Malaria deaths in Gambia drop steeply-study

Michael Kahn | 30 Oct 2008
Reuters
Providing pregnant women and children with insecticide-treated bed nets has sharply cut malaria deaths in the West African nation of Gambia, according to a study published on Friday.

The findings suggest health officials in other parts of Africa could eliminate the disease as a public health problem in a region where malaria kills a child every 30 seconds, David Conway and colleagues at the Medical Research Council UK reported in the journal Lancet.

"We have seen that it has gone down and stayed down," Conway said. "There is no evidence of an upsurge but we are aware that with an infectious disease you can never know for sure."

The World Health Organization estimates malaria killed 881,000 people and infected 247 million people worldwide in 2006, the latest year for which figures were available. Some malaria experts say those numbers underestimate the problem.

The disease -- caused by a parasite transmitted by mosquitoes -- has become resistant to some drugs and work on a vaccine has been slow. One effective treatment is Novartis AG's Coartem.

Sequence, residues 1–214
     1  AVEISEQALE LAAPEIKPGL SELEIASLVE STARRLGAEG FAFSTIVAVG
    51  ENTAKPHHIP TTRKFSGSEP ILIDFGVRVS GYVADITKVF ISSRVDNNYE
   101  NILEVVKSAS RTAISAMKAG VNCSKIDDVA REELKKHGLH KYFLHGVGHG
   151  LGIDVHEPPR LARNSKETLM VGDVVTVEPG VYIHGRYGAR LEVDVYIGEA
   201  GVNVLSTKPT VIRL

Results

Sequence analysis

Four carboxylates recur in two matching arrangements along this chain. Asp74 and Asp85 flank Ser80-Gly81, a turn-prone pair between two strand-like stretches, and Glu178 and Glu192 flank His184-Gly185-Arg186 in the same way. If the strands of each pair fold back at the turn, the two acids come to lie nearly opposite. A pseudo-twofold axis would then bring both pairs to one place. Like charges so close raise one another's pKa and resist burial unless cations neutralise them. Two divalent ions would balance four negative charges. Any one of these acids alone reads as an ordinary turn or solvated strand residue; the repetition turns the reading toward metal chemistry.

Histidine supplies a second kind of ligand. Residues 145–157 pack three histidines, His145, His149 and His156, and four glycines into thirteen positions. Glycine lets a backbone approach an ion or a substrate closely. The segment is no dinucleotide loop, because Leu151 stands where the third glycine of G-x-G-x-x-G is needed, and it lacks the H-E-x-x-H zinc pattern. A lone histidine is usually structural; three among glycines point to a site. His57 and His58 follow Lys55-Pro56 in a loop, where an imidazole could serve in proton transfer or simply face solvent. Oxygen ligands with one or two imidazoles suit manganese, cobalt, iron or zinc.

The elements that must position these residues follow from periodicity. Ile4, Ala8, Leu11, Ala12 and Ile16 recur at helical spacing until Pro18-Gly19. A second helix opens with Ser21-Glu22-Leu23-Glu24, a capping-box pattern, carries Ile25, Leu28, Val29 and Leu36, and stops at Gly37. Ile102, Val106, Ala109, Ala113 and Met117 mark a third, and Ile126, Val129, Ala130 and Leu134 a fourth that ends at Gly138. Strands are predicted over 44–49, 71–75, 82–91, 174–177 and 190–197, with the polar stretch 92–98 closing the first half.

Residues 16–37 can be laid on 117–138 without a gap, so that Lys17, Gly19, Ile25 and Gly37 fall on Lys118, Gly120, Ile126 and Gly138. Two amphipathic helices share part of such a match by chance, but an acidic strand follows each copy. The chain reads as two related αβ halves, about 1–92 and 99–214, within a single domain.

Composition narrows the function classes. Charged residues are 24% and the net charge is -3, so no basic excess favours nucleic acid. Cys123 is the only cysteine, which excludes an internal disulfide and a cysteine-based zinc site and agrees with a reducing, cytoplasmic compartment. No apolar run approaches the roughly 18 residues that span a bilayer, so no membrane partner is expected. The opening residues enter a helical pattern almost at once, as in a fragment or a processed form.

A separate study published in the Public Library of Science journal PLoS Pathogens said Dutch researchers have worked out the characteristics of a large number of parasite proteins that may prove useful in developing a vaccine.

In their study, Conway and his team analyzed health records covering nine years from five hospitals and health clinics in the western part of the country to track people who died of or were treated for malaria.

Since 2003 cases of malaria and deaths dropped dramatically after funding was provided for insecticide-treated bed nets from private and public donors, Conway said.

Hospital admissions representing thousands of cases fell by as much as 74 percent in the four years while the number of deaths at the two hospitals with the most complete records went from 29 in 2003 to just one in 2007, Conway said in a telephone interview.

While far fewer children are dying from the disease, he cautioned that officials had not yet eradicated the condition and probably never will.

But the case of Gambia shows that governments and charitable organizations can make a difference attacking the problem with solutions as simple as bed nets, he added.

"The incidence of malaria, whether it is mild or severe, has gone down by a very large relative percentage," he said. "The gains are good but there is still malaria and children are still dying of it." (Reporting by Michael Kahn; Editing by Maggie Fox)

http://www.reuters.com/article/rbssHealthcareNews/idUSLU72914320081031